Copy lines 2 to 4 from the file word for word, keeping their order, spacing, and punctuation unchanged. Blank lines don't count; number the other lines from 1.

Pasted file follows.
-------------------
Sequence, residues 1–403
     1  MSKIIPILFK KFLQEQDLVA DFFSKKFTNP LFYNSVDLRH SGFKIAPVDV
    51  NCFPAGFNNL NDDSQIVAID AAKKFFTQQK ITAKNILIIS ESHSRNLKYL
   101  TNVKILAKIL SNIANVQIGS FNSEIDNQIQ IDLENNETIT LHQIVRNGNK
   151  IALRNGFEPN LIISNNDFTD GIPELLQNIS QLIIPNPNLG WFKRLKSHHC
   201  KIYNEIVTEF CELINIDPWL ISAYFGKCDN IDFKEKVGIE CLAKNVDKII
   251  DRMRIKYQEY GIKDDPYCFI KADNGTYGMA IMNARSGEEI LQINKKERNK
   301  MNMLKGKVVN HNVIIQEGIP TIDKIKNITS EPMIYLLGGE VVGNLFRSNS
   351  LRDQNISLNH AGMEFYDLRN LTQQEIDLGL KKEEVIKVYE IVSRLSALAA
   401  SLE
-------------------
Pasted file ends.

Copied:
     1  MSKIIPILFK KFLQEQDLVA DFFSKKFTNP LFYNSVDLRH SGFKIAPVDV
    51  NCFPAGFNNL NDDSQIVAID AAKKFFTQQK ITAKNILIIS ESHSRNLKYL
   101  TNVKILAKIL SNIANVQIGS FNSEIDNQIQ IDLENNETIT LHQIVRNGNK